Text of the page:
Downregulation of Aquaporin-2 Parallels Changes in Renal Water Excretion in Unilateral Ureteral Obstruction
|Title:||Downregulation of Aquaporin-2 Parallels Changes in Renal Water Excretion in Unilateral Ureteral Obstruction|
|Authors:||Frokiaer, Jorgen; Christensen, Birgitte Monster; Marples, David; Djurhuus, Jens; Jensen, Uffe B.; Knepper, Mark; Nielsen, Soren|
|Publisher:||American Journal of Physiology|
|Date Published:||August 01, 1997|
This translation by the NDI Foundation is to assist the lay reader. To provide a clear, accessible interpretation of the original article, we eliminated or simplified some technical detail and complicated scientific language. We concentrated our translation on those aspects of the article dealing directly with NDI. The NDI Foundation thanks the researchers for their work toward understanding and more effectively treating this disorder.
© Copyright NDI Foundation 2007 (JC)
It is becoming increasingly established that water reabsorption through the collecting duct is regulated by short- and long-term mechanisms involving VP and AQP2. In the short-term, VP signals AQP2 to insert itself into the cell membrane to make it more water permeable. In the long-term, the number of AQP2s generally available is significantly dependent on the level of VP circulating in the blood.
Other variables such as lithium treatment, low blood potassium, and water retention are associated with changes in the number of AQP2s. These variables can affect the long-term regulation of AQP2, causing a decrease in their numbers which can lead to water balance disorders such as acquired nephrogenic diabetes insipidus (NDI). Obstruction of the ureter (the single fibromuscular tube running from each kidney to the bladder which conveys urine from the kidney to the bladder) also causes down regulation of AQP2s leading to NDI.
In this report, Frokiaer, et al., report on their experiment to determine if the blockage of one of the two ureters, or unilateral ureteral obstruction (UUO), results in any changes in the number and distribution of AQP2s in the kidney collecting duct. If so, the authors wanted to know if the changes were correlated with changes in the volume of urine voided.
In previous research, the authors had shown that obstructing both ureters (bilateral ureteral obstruction - BUO) caused a significant reduction in the number and distribution of AQP2s. The reduction, caused by both systemic changes and changes in the kidney, persisted for seven days after the obstruction was released. It was accompanied by the chronic passage of large volumes of dilute urine. The authors wanted to know if the changes in AQP2 number and distribution (if any) induced by UUO would be caused by systemic changes, local changes in the kidney, or a combination of both.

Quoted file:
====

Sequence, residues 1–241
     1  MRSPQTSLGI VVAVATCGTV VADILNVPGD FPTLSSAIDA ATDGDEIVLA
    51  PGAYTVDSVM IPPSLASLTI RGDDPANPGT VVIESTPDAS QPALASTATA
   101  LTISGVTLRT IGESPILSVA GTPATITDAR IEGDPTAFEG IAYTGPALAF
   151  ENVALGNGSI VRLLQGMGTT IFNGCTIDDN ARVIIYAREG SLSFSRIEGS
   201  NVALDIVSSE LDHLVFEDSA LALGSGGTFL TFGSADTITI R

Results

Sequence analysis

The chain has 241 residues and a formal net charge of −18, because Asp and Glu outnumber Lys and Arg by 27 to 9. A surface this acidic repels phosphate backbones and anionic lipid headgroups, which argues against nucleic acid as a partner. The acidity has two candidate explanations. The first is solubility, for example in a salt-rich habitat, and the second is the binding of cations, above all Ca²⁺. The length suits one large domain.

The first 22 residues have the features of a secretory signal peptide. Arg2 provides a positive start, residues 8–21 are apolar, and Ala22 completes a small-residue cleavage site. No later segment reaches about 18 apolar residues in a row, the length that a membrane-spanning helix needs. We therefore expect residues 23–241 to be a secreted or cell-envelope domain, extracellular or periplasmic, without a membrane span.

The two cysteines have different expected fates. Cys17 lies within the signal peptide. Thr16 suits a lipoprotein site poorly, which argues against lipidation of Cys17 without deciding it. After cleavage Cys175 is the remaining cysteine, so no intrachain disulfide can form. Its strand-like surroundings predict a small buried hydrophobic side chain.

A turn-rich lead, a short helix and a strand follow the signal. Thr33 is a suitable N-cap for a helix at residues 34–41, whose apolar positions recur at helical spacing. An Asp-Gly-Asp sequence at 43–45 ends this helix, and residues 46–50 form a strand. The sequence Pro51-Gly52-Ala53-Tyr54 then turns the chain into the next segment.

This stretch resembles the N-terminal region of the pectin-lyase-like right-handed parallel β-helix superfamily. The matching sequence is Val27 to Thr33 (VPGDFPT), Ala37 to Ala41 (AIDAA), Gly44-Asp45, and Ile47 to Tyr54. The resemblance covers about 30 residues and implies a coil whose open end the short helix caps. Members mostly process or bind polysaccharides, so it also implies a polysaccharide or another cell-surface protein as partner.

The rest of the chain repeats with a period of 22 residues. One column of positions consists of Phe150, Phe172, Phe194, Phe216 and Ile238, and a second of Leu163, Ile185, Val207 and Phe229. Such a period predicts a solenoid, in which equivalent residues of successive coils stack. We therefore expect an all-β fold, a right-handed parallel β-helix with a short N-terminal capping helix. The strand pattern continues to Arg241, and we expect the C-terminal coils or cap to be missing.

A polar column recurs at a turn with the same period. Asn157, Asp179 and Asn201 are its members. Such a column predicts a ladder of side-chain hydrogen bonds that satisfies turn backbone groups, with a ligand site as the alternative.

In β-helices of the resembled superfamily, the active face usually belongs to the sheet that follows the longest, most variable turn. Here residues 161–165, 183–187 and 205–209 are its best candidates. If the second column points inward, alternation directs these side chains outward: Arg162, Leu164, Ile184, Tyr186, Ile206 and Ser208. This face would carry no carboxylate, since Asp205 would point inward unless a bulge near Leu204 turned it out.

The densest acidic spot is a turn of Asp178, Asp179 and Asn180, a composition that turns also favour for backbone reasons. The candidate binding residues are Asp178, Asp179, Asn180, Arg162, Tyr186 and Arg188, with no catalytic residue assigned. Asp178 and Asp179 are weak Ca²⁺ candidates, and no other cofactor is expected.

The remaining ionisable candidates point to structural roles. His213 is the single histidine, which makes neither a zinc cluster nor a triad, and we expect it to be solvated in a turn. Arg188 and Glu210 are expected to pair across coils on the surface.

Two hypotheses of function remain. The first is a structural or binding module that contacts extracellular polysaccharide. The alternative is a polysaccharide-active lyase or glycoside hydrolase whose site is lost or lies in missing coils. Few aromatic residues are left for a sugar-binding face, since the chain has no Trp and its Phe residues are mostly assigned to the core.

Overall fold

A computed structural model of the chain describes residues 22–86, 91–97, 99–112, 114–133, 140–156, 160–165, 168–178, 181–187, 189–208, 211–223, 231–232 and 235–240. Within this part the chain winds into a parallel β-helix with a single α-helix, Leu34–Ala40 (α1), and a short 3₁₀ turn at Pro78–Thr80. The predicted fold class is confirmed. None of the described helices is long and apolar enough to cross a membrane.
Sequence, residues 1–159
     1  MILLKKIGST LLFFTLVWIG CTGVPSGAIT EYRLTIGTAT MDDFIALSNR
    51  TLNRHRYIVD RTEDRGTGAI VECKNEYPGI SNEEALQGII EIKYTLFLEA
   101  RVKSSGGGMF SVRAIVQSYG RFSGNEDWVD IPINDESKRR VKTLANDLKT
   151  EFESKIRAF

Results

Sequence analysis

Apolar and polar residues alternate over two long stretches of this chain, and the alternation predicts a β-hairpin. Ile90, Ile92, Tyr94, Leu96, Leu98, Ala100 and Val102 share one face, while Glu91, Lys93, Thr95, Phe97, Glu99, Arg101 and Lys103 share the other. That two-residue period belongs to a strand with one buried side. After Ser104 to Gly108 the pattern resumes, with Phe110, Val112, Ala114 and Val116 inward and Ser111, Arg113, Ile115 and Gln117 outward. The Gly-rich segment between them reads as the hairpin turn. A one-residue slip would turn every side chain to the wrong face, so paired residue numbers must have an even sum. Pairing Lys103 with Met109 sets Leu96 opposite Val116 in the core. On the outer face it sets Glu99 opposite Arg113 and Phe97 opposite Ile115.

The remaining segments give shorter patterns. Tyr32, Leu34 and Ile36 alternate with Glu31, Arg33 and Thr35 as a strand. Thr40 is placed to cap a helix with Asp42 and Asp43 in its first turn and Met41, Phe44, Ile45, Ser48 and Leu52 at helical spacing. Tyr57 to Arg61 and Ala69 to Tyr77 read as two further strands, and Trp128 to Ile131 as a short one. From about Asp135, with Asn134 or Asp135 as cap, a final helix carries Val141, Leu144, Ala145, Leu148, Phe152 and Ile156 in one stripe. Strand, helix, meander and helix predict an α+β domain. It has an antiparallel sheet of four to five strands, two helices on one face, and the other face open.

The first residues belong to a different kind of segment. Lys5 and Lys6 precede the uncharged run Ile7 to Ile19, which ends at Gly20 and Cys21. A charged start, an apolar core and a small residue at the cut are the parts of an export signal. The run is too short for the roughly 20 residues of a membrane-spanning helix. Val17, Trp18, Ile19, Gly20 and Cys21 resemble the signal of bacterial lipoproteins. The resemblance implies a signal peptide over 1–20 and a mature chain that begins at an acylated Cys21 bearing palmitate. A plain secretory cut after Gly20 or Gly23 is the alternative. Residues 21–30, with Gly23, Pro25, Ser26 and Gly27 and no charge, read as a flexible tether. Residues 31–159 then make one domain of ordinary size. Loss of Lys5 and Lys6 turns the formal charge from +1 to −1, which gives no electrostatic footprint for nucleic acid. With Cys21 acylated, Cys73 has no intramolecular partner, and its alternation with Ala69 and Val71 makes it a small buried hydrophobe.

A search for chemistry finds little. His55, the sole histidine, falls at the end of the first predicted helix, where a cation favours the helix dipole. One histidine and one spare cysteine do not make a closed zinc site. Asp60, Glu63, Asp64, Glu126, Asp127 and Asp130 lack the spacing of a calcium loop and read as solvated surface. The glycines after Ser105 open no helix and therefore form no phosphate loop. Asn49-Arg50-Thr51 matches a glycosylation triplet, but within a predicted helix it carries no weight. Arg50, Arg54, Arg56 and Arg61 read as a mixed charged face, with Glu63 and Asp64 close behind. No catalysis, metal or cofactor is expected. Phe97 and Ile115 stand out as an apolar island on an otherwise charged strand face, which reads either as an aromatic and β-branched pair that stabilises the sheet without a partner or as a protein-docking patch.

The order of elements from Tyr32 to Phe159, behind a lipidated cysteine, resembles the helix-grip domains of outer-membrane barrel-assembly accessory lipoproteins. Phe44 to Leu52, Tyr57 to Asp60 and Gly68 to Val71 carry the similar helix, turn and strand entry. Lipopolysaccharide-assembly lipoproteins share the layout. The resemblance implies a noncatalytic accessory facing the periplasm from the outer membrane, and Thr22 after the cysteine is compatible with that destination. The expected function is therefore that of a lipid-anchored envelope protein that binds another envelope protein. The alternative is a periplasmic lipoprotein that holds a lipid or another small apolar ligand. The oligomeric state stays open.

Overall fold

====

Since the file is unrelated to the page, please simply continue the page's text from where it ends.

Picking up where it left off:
The authors experimented on rats, binding one of each rat's ureters for a 24-hour period. One group didn't have their obstruction released; another group had theirs released after 24 hours; another group had theirs released after 24 hours and had their urine collected for a two-hour period after the release of the obstruction. There was a control group of rats as well. All the groups had their urine collected during the 24-hour obstruction period. And all had their kidney tissues analyzed.
Frokiaer, et al., found that UUO markedly reduced the number of AQP2s found in the collecting duct cells of the obstructed kidney, and the fewer AQP2s were distributed in the apical membrane of the collecting duct cells. The reduction in number remained 24 hours after the obstruction was released. UUO did not change the rats' total urine output or water intake. The authors speculated that the nonobstructed kidney compensated for the obstructed kidney by doubling its urine output.
Examining the unobstructed kidney revealed that there was a less marked but significant reduction in the number of AQP2s. The AQP2s that were expressed were located more within the cell than in the cell membrane, indicating that the AQP2s were not acting to make the cell membranes more water permeable. That these two factors impaired the collecting duct water reabsorption in the unobstructed kidney was evidenced by the increase in the net amount of solute-free water moving from the blood to the urine. (The level of free-water clearance in the obstructed kidney was even greater.) The reduction in AQP2 numbers was accompanied by less efficient water reabsorption and the inability to concentrate urine. So, the urine voided from the nonobstructed kidney was dilute.
The authors determined that factors within the kidney largely accounted for the downregulation of AQP2s in UUO, though systemic factors could have played a supporting role, as indicated by the reduced AQP2 in the nonobstructed kidney and the continuing downregulation of AQP2 24 hours after obstruction release. Local factors could involve changes in prostaglandin E2 production, changes in intracellular calcium and other changes in the phosphoinositide pathway. In addition, the rate at which AQP2s are synthesized and degraded, both local factors, could be affected by UUO.